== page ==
Southern NM Novice

Discussion in 'Introductions' started by MrSaturdayNite, Jan 6, 2018.

  1. Got my Autel Xstar Premium just before Christmas. Still a little nervous about going anywhere to fly it. Seems like there's lots of restrictions. and I don't think the drone has obstacle avoidance. Comments?
     
  2. The XSP does not have obstacle Avoidance. I wouldn't count on it if it did. I know DJI owners who have the latest models have flown into walls and trees thinking they "can't crash". I watched 1 owner fly into a tall pine tree testing it's obstacle avoidance system. The drone got stuck in the tree. He climbed to retrieve it, fell out and we called 911 for him. He suffered a dislocated shoulder and a bruised ego. The good news is that the drone survived. I flew it for a few minutes, then dropped it off at the hospital for him.

    As for the restrictions, be familiar with rules as as specified by the FAA. There are restricted flight areas that will get you in real trouble if you violate them. You can view them for your area online or mobile app.

    Here's one

    http://knowbeforeyoufly.org/air-space-map/

    If you want to fly in one of the restricted areas, look them up on the map. You will see a phone number to call for each restricted area. They will want some info like location, time, elevation AGL etc.

    Have fun, Welcome to the community
     
    Brenda likes this.
  3. Thanks. But I must say that you make it sound risky.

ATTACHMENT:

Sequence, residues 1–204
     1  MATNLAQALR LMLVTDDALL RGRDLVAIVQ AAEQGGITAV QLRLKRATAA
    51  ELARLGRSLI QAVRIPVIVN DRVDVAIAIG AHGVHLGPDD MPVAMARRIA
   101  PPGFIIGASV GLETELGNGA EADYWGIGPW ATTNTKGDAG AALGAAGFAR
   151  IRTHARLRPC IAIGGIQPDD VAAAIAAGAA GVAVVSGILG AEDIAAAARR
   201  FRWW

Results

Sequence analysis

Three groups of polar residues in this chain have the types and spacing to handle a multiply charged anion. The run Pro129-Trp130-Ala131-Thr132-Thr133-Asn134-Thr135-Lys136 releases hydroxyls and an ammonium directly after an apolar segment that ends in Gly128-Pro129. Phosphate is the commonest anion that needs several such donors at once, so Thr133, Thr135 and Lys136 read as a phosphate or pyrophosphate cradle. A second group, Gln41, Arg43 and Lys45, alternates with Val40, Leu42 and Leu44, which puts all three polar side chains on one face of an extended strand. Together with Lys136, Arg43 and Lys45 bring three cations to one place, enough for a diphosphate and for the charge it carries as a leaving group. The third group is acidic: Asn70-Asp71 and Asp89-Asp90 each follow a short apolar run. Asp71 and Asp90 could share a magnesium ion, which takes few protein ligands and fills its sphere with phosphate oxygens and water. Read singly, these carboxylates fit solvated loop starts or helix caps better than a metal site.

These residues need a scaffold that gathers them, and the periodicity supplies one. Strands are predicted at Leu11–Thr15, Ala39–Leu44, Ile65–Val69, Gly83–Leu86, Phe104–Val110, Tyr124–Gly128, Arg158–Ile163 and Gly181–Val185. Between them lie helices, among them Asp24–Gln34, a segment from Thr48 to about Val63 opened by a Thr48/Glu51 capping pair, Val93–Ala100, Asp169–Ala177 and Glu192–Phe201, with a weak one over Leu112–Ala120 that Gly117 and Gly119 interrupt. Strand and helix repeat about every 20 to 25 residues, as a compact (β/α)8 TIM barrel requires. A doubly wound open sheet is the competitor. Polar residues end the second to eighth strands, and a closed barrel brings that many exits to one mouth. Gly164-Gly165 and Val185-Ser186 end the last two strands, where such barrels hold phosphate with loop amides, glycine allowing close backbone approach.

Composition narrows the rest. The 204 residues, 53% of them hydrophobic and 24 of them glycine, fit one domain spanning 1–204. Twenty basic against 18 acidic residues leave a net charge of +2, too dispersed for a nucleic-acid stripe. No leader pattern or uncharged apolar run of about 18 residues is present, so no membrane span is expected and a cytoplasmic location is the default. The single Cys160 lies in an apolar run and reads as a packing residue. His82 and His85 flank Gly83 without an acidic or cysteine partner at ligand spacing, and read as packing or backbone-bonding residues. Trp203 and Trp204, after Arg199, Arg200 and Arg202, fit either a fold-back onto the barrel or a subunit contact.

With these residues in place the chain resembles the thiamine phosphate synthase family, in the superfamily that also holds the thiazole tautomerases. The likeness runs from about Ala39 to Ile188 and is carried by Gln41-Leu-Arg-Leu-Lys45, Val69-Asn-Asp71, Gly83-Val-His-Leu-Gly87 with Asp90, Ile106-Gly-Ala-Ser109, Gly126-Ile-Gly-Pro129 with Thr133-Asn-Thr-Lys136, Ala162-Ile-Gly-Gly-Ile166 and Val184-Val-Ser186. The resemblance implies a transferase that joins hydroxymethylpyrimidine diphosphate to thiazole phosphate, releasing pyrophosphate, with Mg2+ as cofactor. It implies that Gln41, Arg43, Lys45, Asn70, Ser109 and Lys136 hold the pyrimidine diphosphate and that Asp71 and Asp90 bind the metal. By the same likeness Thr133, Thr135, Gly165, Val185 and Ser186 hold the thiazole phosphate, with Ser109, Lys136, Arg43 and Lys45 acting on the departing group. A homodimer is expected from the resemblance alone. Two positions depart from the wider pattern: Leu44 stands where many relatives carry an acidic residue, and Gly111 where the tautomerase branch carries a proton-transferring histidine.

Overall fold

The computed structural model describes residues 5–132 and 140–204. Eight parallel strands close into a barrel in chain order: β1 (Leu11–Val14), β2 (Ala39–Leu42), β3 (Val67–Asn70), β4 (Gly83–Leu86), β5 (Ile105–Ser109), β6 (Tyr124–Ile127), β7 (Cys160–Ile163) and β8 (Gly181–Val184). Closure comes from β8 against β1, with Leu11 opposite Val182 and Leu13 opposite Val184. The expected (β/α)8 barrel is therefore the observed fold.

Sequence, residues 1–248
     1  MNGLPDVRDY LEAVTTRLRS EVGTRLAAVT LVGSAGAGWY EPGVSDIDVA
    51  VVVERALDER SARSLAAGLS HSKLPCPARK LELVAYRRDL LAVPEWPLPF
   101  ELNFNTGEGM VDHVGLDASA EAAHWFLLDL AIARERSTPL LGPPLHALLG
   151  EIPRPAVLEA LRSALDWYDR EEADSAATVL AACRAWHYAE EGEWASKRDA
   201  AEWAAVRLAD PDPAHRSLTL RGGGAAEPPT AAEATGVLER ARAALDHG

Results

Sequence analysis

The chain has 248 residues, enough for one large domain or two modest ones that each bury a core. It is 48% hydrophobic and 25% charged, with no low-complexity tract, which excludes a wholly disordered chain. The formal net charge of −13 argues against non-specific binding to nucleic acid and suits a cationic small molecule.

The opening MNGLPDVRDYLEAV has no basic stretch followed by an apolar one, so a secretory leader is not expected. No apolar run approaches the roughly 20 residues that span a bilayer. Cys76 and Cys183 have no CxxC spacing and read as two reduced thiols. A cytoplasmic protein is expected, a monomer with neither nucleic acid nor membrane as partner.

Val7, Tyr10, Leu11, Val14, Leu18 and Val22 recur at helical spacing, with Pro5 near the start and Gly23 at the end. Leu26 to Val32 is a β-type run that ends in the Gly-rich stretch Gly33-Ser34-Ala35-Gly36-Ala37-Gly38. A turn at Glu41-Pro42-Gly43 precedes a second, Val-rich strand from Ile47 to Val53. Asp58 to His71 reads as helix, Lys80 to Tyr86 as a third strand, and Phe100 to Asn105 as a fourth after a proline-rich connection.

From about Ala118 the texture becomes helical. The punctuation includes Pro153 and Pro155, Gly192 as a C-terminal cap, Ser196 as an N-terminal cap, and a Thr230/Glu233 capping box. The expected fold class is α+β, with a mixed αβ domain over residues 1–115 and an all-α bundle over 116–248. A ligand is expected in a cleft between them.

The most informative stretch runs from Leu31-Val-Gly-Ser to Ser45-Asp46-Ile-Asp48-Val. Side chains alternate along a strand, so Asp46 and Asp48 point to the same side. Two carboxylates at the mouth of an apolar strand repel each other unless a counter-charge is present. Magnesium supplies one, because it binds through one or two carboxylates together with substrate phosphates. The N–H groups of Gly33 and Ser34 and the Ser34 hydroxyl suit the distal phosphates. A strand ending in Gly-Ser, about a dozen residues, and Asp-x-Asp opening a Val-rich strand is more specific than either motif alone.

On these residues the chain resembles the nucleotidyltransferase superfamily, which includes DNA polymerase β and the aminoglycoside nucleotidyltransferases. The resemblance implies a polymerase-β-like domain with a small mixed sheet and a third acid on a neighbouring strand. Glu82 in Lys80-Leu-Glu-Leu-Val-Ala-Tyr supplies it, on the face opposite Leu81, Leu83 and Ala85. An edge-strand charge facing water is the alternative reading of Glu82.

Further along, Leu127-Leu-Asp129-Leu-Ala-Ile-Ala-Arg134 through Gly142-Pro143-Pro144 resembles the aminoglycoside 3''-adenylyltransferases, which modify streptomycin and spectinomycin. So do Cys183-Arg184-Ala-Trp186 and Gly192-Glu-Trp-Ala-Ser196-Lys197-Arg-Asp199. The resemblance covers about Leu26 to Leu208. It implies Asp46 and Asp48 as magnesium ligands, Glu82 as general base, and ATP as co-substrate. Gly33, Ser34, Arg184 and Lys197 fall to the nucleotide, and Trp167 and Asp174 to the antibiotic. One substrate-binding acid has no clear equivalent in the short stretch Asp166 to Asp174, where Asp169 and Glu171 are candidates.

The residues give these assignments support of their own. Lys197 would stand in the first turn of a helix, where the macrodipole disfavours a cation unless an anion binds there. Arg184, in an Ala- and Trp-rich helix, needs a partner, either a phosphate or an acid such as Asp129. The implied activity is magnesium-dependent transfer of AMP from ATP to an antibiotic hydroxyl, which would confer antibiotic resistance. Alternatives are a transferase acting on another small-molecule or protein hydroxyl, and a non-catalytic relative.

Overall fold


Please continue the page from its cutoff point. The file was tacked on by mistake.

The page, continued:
4. I simply wouldn't rely on the obstacle avoidance system to stay out of the trees. Flying a drone of this caliber comes with responsibilities. Like driving a car
     
  5. I know of a DJI owner who has crashed two Phantom aircraft. Both of them are now in the ocean.
     
    Brenda likes this.
  6. I feel your hesitancy! First, do check for airspace restrictions; I know that southern NM is full of them. (You can go to skyvector.com and see the VFR sectionals; they will show restricted airspace.) Then be at least 5 miles from an airport, or call the airport and tell them that you are flying. This is a notification, not a request for permission. And - start in an open field and stay away from trees. Fly squares and circles and figure eights, both with the aircraft pointing in the direction of the flight path, and then with the aircraft always pointing the same way (e.g. north.) Familiarize yourself with the failsafes so if something is not acting like you want it to you can stop until you get your mind around what you want to do and how you are going to do it. Pay attention to your battery level. Have fun - it’s a tough little aircraft!
     

Share This Page